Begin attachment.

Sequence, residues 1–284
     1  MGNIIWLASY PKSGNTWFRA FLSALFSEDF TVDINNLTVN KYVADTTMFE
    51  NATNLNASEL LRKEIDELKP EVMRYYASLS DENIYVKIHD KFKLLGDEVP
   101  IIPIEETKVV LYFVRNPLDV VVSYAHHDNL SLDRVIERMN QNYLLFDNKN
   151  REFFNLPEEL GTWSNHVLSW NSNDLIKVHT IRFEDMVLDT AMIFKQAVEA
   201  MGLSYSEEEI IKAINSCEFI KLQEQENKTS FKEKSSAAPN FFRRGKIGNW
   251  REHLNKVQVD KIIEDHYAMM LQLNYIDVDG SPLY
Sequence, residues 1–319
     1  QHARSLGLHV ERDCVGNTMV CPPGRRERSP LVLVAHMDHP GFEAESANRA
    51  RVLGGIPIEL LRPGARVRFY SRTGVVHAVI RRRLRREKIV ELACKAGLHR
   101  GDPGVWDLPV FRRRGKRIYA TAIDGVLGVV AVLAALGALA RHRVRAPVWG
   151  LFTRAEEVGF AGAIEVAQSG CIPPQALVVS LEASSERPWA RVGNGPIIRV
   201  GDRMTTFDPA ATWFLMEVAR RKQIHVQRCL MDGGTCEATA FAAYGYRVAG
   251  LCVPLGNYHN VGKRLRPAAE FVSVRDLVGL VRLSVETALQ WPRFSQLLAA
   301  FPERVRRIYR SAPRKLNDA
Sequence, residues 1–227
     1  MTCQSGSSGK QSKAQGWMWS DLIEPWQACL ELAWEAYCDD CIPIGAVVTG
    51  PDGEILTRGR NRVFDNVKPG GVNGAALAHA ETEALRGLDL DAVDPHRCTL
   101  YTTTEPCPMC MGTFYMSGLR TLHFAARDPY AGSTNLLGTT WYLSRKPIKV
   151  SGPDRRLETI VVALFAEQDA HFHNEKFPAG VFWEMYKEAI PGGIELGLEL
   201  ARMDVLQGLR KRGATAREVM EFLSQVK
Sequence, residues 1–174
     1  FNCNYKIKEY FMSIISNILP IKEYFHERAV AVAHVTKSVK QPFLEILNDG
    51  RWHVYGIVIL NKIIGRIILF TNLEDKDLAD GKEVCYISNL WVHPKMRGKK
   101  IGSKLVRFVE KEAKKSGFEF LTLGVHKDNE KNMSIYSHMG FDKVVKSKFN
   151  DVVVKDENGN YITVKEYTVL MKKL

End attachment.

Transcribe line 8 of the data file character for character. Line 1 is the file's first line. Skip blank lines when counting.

Sequence, residues 1–319